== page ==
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article imageTrump asks U.S. Congress for $5.9 billion more for the military

By Ken Hanly     Nov 8, 2017 in Politics
On Monday just as President Donald Trump was leaving Japan for South Korea on a trip that he claimed was aimed at countering what he called the "North Korean menace", he announced that he would request another $5.9 billion for the military.
The U.S. is installing an anti-missile defense system in South Korea known as THAAD.
Trump's request includes:
$4 billion for a missile defense and detection system on the Korean peninsula.
$1.2 billion to fund his request for 3,500 additional U.S. troops in Afghanistan.
$700 million to repair two Navy ships.
Adding funds for the Missile Defense Agency
Three months ago Trump had expressed doubts about his proposal to cut the Missile Defense Agency's budget and had promised he would add billions back to the program.
Trump boasted on Sunday:"We make the best military equipment in the world. A shot was just taken by Iran, at my opinion, at Saudi Arabia. You know about that, right? You saw the missile that went out? And our system knocked the missile out of the air. That’s how good we are. Nobody makes what we make, and now we’re selling it all over the world."
The missile was launched from Yemen, probably by Houthi rebels who are supported by Iran.
There have been protests in South Korea over the THAAD installation and South Korea has been reluctant to add even more THAAD installations as the US wants.
More Funds for Afghanistan
In the past Trump had been a vehement critic of the Afghan war with his tirades against it going back as far as 2012: “I think the same as what I’ve been thinking for the past couple of years: What are we doing there? These people hate us,” Trump said in a 2012 Fox News appearance. “We’re spending hundreds of billions of dollars, trillions of dollars, on this nonsense — and the minute we leave, everything blows up, and the worst guy gets it. The one who hates this country the most will end up taking over Afghanistan.”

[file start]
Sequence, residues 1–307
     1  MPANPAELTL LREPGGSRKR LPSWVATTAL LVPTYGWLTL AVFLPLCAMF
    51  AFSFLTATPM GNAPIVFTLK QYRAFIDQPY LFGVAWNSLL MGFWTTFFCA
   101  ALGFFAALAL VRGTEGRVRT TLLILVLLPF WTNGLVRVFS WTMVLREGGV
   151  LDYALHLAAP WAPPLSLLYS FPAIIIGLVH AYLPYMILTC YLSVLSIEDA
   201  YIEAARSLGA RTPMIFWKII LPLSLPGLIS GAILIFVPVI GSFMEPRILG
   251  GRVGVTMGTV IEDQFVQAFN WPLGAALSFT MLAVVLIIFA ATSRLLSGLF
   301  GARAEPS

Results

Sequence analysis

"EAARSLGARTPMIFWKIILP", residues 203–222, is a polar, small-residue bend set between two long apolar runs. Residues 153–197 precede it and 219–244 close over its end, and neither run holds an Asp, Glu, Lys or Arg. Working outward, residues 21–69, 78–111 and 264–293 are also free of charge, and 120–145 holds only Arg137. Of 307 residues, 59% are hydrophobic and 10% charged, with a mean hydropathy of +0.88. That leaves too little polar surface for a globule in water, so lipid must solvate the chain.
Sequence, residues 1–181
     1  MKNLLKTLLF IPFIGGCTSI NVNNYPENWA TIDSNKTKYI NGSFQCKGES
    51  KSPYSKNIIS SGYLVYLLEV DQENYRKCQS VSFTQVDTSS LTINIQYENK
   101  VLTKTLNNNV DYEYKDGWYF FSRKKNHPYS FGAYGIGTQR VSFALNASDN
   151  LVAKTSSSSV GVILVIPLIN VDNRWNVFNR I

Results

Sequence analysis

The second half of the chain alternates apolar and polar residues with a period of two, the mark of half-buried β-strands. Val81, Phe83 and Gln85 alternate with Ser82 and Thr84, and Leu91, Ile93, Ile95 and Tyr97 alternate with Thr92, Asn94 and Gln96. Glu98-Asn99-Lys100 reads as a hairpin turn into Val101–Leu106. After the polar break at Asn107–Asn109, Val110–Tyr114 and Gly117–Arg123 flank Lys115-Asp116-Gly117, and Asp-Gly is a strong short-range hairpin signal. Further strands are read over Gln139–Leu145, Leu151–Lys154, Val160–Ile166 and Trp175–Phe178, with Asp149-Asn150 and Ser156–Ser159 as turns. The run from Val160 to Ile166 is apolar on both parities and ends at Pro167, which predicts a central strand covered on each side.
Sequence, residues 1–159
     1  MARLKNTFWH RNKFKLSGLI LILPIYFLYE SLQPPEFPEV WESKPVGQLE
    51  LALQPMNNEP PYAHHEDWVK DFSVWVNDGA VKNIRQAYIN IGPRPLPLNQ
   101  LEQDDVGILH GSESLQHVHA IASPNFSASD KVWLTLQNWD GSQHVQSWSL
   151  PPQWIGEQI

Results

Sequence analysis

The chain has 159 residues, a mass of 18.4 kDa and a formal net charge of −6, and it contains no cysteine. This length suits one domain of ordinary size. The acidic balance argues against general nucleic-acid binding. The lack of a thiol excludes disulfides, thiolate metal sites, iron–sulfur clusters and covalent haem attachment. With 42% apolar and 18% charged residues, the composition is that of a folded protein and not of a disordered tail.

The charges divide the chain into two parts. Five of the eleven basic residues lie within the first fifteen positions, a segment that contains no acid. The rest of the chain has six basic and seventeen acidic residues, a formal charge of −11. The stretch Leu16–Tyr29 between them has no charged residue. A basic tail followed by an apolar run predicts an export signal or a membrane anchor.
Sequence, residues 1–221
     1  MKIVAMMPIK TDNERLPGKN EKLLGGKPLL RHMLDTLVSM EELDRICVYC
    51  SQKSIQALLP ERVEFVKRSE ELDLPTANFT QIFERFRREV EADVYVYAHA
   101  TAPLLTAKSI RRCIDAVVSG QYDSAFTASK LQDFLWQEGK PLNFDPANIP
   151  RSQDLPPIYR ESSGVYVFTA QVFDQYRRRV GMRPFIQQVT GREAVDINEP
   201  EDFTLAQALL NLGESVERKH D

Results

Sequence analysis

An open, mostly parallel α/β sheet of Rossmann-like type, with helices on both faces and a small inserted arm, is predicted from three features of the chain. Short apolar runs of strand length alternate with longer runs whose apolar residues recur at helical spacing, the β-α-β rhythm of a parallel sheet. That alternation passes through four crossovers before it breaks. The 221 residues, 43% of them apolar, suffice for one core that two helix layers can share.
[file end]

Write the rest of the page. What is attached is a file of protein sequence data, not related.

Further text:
Trump also spoke against sending U.S. troops into battle unless absolutely necessary during his campaign for president. In April 2016 he said: “I will never send our finest into battle unless necessary, and I mean absolutely necessary, and will only do so if we have a plan for victory with a capital V,” he thundered. “The world must know that we do not go abroad in search of enemies.”
Trump has changed his tune entirely. Not only did Trump approve sending thousands of more U.S. troops to Afghanistan, he also announced last August that the U.S. troops would stay in Afghanistan indefinitely. Trump said: "Conditions on the ground, not arbitrary timetables, will guide our strategies from now on." No plan has been outlined for victory.
Funding for the repair of damaged U.S. destroyers.
The collision of the USS John S. McCain is discussed in a recent Digital Journal article. Another DJ article discussed the collision damaging the USS Fitzgerald.
In both collisions failures on the part of some commanding officers and the crew contributed to the collisions, although in the McCain case technology was also a factor. The two collisions plus others ultimately led to the 7th fleet commander being relieved of his duty.
However there is no relief to the U.S. taxpayer who has to pay for these military expenditures. All of this new spending will be off-budget so that there will be no worries about exceeding budget caps on military spending.
More about Donald Trum, US military spending, North korea
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